As 2017 draws to a close, now is a good time to take stock of this year’s labor market. With few exceptions—notably wage growth—economic indicators tell us this was a great year for the US labor market. The overall labor market saw records broken and returns to numbers that have scarcely been seen this century. While some industries are struggling, others are doing surprisingly well. There are a few milestones and trends I want to take a closer look at from this year, as we say goodbye to 2017 and look forward to 2018.
3 Milestones Celebrated in 2017
- Our unemployment rate hit 4.1% this October—where it remained for November. The last time the unemployment rate fell below 4.2% was December 2000, 17 years ago.
- The number of job openings surpassed 6 million in June 2017 for the first time since the Bureau of Labor Statistics (BLS) began measuring job openings—coincidentally in December of 2000.
- In September of 2017, the census bureau reported that median household income reached a record high in 2016. Adjusted for inflation, the 50th percentile household made $59,039 last year.
3 Labor Market Trends of 2017
- Retail did decline, but it wasn’t an apocalypse and e-commerce compensated. Despite great losses resulting from the economic crisis of 2008, retail had a strong recovery from the recession. Between 2010 and 2016, employment in the retail sector rose dramatically, reaching higher levels than were seen even pre-recession. 2017 has not been a great year for jobs in this industry, and sharp drops in employment early in the year generated talk of a retail-pocalypse. However, that decline seems to have leveled off in the latter half of the year. There were only about 23,000 fewer retail jobs in November 2017—the most recent month for which we have data—than there were one year prior. In contrast, warehousing and storage and truck transportation—two industries closely tied to e-commerce—have experienced combined job growth of over 48,000 over that period of time.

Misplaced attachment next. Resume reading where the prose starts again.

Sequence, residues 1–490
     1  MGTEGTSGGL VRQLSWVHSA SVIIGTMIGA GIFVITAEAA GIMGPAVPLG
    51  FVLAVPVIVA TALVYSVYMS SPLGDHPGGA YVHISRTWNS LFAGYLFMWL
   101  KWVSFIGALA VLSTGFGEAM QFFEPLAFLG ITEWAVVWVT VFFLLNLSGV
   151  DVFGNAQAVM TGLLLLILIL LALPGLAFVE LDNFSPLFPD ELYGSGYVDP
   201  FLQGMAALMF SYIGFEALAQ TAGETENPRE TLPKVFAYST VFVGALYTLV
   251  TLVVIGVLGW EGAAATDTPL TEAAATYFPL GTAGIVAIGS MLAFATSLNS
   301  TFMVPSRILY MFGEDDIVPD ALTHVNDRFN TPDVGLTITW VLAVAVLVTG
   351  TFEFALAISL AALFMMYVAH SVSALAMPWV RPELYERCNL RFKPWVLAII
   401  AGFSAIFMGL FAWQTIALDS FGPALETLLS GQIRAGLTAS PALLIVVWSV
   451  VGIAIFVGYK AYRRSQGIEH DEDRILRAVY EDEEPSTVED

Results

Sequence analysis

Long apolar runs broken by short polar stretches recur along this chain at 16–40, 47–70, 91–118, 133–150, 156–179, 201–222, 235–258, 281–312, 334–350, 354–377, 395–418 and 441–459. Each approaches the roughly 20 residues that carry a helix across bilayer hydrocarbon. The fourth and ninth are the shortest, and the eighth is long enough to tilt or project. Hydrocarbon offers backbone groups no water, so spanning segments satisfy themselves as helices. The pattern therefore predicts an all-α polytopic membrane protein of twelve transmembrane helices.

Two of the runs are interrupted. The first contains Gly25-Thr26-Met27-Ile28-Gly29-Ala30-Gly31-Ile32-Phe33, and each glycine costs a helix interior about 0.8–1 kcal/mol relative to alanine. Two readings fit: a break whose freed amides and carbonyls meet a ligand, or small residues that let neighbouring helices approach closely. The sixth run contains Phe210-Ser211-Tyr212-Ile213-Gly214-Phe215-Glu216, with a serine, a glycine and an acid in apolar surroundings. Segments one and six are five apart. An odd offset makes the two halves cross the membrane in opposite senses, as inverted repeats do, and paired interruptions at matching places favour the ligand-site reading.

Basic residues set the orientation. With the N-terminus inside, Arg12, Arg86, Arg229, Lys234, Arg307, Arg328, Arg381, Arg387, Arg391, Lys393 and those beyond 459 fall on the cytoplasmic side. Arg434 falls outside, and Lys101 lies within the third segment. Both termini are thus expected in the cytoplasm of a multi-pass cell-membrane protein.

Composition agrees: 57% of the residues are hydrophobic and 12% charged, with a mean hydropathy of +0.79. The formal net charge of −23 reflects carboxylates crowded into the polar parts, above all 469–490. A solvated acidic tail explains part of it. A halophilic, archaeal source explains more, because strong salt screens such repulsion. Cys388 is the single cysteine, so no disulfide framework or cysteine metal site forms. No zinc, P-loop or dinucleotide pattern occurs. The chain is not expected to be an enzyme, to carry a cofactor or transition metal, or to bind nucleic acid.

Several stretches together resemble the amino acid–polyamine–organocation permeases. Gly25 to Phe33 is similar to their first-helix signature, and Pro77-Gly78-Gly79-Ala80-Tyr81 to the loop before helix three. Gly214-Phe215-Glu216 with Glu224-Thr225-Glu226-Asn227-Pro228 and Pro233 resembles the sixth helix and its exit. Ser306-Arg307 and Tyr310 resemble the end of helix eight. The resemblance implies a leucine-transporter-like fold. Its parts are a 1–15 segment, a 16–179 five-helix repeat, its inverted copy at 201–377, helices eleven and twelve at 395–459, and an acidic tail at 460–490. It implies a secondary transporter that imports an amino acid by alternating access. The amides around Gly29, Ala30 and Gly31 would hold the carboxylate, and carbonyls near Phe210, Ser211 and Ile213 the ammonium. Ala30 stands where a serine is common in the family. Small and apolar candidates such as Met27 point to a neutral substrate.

- Healthcare continued its forward march in job growth. Partially due to our aging population, healthcare was one sector that actually experienced job growth throughout the recession—and that trend has continued during 2017. Healthcare is one of the few industries that saw jobs added in each month of the year so far.
- Manufacturing added 170,000 jobs in the past year. Many people think that manufacturing jobs are in decline, but that is currently not the case. Manufacturing employment did decline starting in the late 1990s and experienced a precipitous drop as a result of the great recession. However, like many other industries, manufacturing saw steady growth during the recovery. Overall employment in this industry has not recovered to where it was in 2007, let alone in 1998, which contributes to perceptions of manufacturing as an industry in decline. But from early 2010 through 2015, manufacturing jobs grew regularly before leveling out in 2016. And in 2017, job growth in manufacturing picked up again.
We will get a final snapshot of the 2017 labor market when 2018 rolls in. The December jobs report will go live on January 5th, and I expect it will be consistent with the picture that has been painted all year: the US labor market, though not roaring, is thriving. Now that unemployment is at a 17-year low, we will look for other indicators—such as turnover and wage growth rates—to pick up in 2018.